The charstack h interface

Thecharstack.hInterface

/*

* File:charstack.h

* -----------------

* This interface defines the CharStack class.

*/

#ifndef_charstack_h

#define _charstack_h

classCharStack {

public:

/*

* CharStack constructor and destructor

* ------------------------------------

* The constructor initializes an empty stack. The destructor

* is responsible for freeing heap storage.

*/

CharStack();

~CharStack();


The charstack h interface1

/*

* Methods: size, isEmpty, clear, push, pop

* ----------------------------------------

* These methods work exactly as they do for the Stack class.

* The peek method has been eliminated to save space.

*/

int size();

boolisEmpty();

void clear();

void push(charch);

char pop();

Thecharstack.h Interface

/*

* File: charstack.h

* -----------------

* This interface defines the CharStack class.

*/

#ifndef _charstack_h

#define _charstack_h

class CharStack {

public:

/*

* CharStack constructor and destructor

* ------------------------------------

* The constructor initializes an empty stack. The destructor

* is responsible for freeing heap storage.

*/

CharStack();

~CharStack();


The charstack h interface2

/* Private section */

private:

/* Private constants */

static const int INITIAL_CAPACITY = 10;

/* Instance variables */

char *array; /* Dynamic array of characters */

int capacity; /* Allocated size of that array */

int count; /* Current count of chars pushed */

/* Private function prototype */

void expandCapacity();

};

#endif

Thecharstack.h Interface

/*

* Methods: size, isEmpty, clear, push, pop, peek

* ----------------------------------------------

* These methods work exactly as they do for the Stack class.

*/

int size();

boolisEmpty();

void clear();

void push(charch);

char pop();

char peek();


The charstack cpp implementation

Thecharstack.cppImplementation

/*

* File: charstack.cpp

* -------------------

* This file implements the CharStack class.

*/

#include "charstack.h"

#include "error.h"

using namespace std;

/* Constructor and destructor */

CharStack::CharStack() {

capacity = INITIAL_CAPACITY;

array = new char[capacity];

count = 0;

}

CharStack::~CharStack() {

delete[] array;

}


The charstack cpp implementation1

intCharStack::size() {

return count;

}

boolCharStack::isEmpty() {

return count == 0;

}

void CharStack::clear() {

count = 0;

}

void CharStack::push(charch) {

if (count == capacity) expandCapacity();

array[count++] = ch;

}

char CharStack::pop() {

if (isEmpty()) error("pop: Stack is empty");

return array[--count];

}

Thecharstack.cpp Implementation

/*

* File: charstack.cpp

* -------------------

* This file implements the CharStack class.

*/

#include "charstack.h"

#include "error.h"

using namespace std;

/* Constructor and destructor */

CharStack::CharStack() {

capacity = INITIAL_CAPACITY;

array = new char[capacity];

count = 0;

}

CharStack::~CharStack() {

delete[] array;

}


The charstack cpp implementation2

/*

* Implementation notes: expandCapacity

* ------------------------------------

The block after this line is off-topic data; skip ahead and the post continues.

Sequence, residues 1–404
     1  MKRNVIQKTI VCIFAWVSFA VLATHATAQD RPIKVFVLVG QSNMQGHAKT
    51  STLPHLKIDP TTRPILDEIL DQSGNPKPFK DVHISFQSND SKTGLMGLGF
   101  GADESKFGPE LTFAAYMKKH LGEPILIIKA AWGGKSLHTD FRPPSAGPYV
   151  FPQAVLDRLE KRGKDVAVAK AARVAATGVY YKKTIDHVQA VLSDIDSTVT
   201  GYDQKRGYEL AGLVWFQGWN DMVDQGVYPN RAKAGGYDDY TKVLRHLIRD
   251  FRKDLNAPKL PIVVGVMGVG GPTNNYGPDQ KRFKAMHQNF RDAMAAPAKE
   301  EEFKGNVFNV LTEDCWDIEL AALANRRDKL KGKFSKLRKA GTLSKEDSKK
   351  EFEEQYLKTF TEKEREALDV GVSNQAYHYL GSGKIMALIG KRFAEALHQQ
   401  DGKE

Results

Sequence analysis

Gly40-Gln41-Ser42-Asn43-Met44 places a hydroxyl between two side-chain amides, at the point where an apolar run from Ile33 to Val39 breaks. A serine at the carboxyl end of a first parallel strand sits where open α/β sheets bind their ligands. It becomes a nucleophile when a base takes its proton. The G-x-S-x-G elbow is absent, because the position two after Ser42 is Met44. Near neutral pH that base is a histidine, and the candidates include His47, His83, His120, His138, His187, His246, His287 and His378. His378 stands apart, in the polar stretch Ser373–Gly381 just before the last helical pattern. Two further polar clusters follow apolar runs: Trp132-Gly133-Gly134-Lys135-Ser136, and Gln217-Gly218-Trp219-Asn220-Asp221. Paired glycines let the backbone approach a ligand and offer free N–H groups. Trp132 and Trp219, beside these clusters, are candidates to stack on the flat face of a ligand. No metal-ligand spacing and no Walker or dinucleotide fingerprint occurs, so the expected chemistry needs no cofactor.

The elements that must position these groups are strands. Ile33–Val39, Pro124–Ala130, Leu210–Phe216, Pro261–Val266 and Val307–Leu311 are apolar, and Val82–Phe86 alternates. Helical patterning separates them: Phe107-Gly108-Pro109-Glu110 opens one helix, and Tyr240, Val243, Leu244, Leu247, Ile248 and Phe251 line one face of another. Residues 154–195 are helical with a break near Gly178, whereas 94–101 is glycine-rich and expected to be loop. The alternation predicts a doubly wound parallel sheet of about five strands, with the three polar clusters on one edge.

* This private method doubles the capacity of the elements array

* whenever it runs out of space. To do so, it must copy the

* pointer to the old array, allocate a new array with twice the

* capacity, copy the characters from the old array to the new

* one, and finally free the old storage.

*/

void CharStack::expandCapacity() {

char *oldArray = array;

capacity *= 2;

array = new char[capacity];

for (inti = 0; i < count; i++) {

array[i] = oldArray[i];

}

delete[] oldArray;

}

Thecharstack.cpp Implementation

intCharStack::size() {

return count;

}

boolCharStack::isEmpty() {

return count == 0;

}

void CharStack::clear() {

count = 0;

}

void CharStack::push(charch) {

if (count == capacity) expandCapacity();

array[count++] = ch;

}

char CharStack::pop() {

if (isEmpty()) error("pop: Stack is empty");

return array[--count];

}


Heap stack diagrams

Heap-Stack Diagrams

  • It is easier to understand how C++ works if you have a good mental model of its use of memory. I find the most useful model is a heap-stack diagram, which shows the heap on the left and the stack on the right, separated by a dotted line.

  • Whenever your program uses new, you need to add a block of memory to the heap side of the diagram. That block must be large enough to store the entire value you’re allocating. If the value is a struct or an object type, that block must include space for all the members inside that structure.

  • Whenever your program calls a method, you need to create a new stack frame by adding a block of memory to the stack side. For method calls, you need to add enough space to store the local variables for the method, again with some overhead information that tracks what the program is doing. When a method returns, C++ reclaims the memory in its frame.


Exercise heap stack diagrams

voidnonsense(int list[], Point pt, double & total) {

Point *pptr = new Point;

list[1] = pt.x;

total += pt.y;

}

list

FFD0

pt

1000

???

FFD4

1004

???

FFD8

total&

1008

???

FFDC

100C

pptr

???

FFE0

1010

???

FFE4

array

FFE8

1014

???

???

pt

0.0

2

1

2.0

2

1

1

FFEC

FFF4

1014

1000

???

1018

???

1000

???

FFF0

???

total

FFF4

???

FFF8

FFFC

Exercise: Heap-Stack Diagrams

int main(){

Point pt;

double total = 0.0;

pt.x = 1;

pt.y = 2;

int *array = new int[5];

nonsense(array, pt, total);

return 0;

}

stack

heap

stack


The end

The End


Allocating a point object1

Allocating a Point Object

Point pt(3, 4);

  • The usual way to allocate a Point object is to declare it as a local variable on the stack, as follows:

pt

3

FFF4

4

FFF8

FFFC

  • It is, however, also possible toallocate a Point object on the heap using the following code:

Point *pp = new Point(5, 12);

pp

pp

5

5

1000

FFF8

1000

12

12

1004

FFFC